The Barometric pressure is the measure of the pressure of the air exerted onto the earth. The weight of this air or its pressure on us is measured by a barometer.
Generally speaking, low pressure weather systems begin with changes to the barometric pressure. They usually bring winds accompanied by a rapid air pressure drop as the front arrives. The center of the front continues with a rapid air pressure reduction and increased humidity, followed by an equally rapid rise in air pressure and decreased humidity after the front passes.
So low pressure weather systems, especially rapid moving ones, bring extreme changes in temperature, pressure, humidity, along with gusty winds.
Add several storms back to back and you have what I callinflammatoryweatherand all the triggers needed to bring out some of your body’s physical weak links.
In terms of the human body, barometric pressure changes can exacerbate or trigger bulging discs, joints, old chronic injuries like sprained knees and ankles, back pain, radiating nerve conditions, prior surgeries, even migraines and cluster headaches.
A low barometric pressure system affects the body by having less gravitational forces exerted on it; it feels as if the air is definitely heavier.
When the barometric pressure is low and the humidity is high, this extra weight impedes our mobility and irritates our joints. Rapid and repeated changes in the air pressure prevent our bodies from proper repairing and recovering from our workouts.
So it's a tough time to workout when you have a stormy humid afternoon or evening... I would avoid those days if possible.
Patients with bulging discs, our spine’s water filled shock absorbers, are especially vulnerable to these rapid changes in barometric pressure. Even the fluid capsules surrounding the joints of our hands and knees, as well as those in our spine, become inflamed with low barometric pressure, many times causing almost intolerable levels of pain.
These rapidly changing weather patterns, or what I refer to as the ‘yo yo effect’, many times are similar to repetitive stress injuries that are significantly reticent to improve until the erratic weather pattern changes.
The best weather to work out in is High Pressure with low Humidity this is why places like the desert southwest and Southern California offer great training places for athletes.
Keep an eye on the weather and when it starts to go yo-yo it's time to ease up a bit on your routine or you'll risk injury and even slow joint recovery.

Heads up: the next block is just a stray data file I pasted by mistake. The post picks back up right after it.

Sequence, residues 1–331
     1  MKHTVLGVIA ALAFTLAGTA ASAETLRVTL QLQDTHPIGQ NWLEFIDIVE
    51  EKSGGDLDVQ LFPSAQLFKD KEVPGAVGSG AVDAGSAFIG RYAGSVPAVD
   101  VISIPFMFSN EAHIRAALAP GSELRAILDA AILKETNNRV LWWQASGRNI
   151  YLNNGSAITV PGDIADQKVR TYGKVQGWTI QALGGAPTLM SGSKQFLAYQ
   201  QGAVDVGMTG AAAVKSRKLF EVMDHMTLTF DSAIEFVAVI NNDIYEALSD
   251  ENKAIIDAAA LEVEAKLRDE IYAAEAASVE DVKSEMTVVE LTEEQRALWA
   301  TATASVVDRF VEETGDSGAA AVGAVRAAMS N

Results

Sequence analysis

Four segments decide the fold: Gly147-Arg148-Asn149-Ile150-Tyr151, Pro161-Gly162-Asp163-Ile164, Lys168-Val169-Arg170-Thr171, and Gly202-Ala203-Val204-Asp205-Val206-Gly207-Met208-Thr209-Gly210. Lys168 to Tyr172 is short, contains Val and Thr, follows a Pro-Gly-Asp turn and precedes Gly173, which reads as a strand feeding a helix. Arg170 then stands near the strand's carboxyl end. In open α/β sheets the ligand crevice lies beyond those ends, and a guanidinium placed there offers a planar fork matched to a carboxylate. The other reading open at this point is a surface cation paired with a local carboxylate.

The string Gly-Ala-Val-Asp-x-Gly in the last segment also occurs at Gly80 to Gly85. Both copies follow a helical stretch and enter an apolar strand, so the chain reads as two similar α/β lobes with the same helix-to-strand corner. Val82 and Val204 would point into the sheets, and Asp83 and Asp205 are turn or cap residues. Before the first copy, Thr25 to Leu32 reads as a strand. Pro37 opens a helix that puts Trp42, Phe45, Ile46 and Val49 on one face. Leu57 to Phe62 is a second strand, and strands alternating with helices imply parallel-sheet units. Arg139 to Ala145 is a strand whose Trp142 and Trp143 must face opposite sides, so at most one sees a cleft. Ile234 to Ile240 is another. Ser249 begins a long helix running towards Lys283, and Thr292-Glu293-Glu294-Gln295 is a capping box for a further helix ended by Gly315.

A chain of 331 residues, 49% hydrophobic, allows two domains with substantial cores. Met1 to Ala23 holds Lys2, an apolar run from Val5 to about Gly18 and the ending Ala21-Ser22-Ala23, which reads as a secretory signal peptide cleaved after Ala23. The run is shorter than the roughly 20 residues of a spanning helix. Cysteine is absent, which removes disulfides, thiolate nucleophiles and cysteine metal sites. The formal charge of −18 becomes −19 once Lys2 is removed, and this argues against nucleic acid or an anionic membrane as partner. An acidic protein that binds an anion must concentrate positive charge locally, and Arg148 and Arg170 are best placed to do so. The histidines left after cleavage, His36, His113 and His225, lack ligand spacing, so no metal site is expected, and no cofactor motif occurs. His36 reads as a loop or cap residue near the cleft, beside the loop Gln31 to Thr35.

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Biometeorology! A nice post confirming the science of what many sufferers of the conditions you list have always suspected--frequent changes in barometric pressure can bring pain (although this is *not* yet universally accepted in the medical community).
I'd just like to touch on a couple of things, though, Rob. I'm sure you didn't literally mean that the body comes under "less gravitational force" when the air pressure drops. Gravity (as distinct from an object's attractive force, which is "gravitation") is a constant force, and is independent of air pressure. Air pressure is a function of mass per unit volume, as with any gas occupying a space. Pressure falls and rises, as we know, due to lifting and subsidence with cyclones and anticyclones, respectively. The synovial fluids that bathe our joints seem to react to the drop in absolute pressure; pain results when those fluids fall slightly "out of balance" with the pressure and compensate by expanding (inflammation), thus irritating achy joints.
So actually, athletes and those with chronic pain do sense the change in the "weight" of the air, with that weight being, (as for all mass on earth), gravity (a constant force) times the mass of the air surrounding the body and its fluids, which *does* change w/changing pressure. So when the barometric pressure is low, it's literally *less* weight our joints feel, rather than *extra* weight. On top of this, everything depends on the strength of the particular low pressure cylcone or trough in question.
Also, the central tissue of our vertebral discs, or the "nucleus pulposus," is not water; it's actually more of a jellylike substance. If it were water....I'd imagine the reaction to lower pressure would be....*ouch*...exCRUCiating!! :)
As for the desert southwest and SoCal for training, I'm honestly not 100% sure, but I would posit that it's the climate being far more constant, or persistent, (i.e. hot surface and upper air heat ridges for more of the time throughout the year) than it is over most of the rest of the nation.
Rob..thanks for posting entries on such a wide array meteorological topics. There's so much more than just the daily forecast!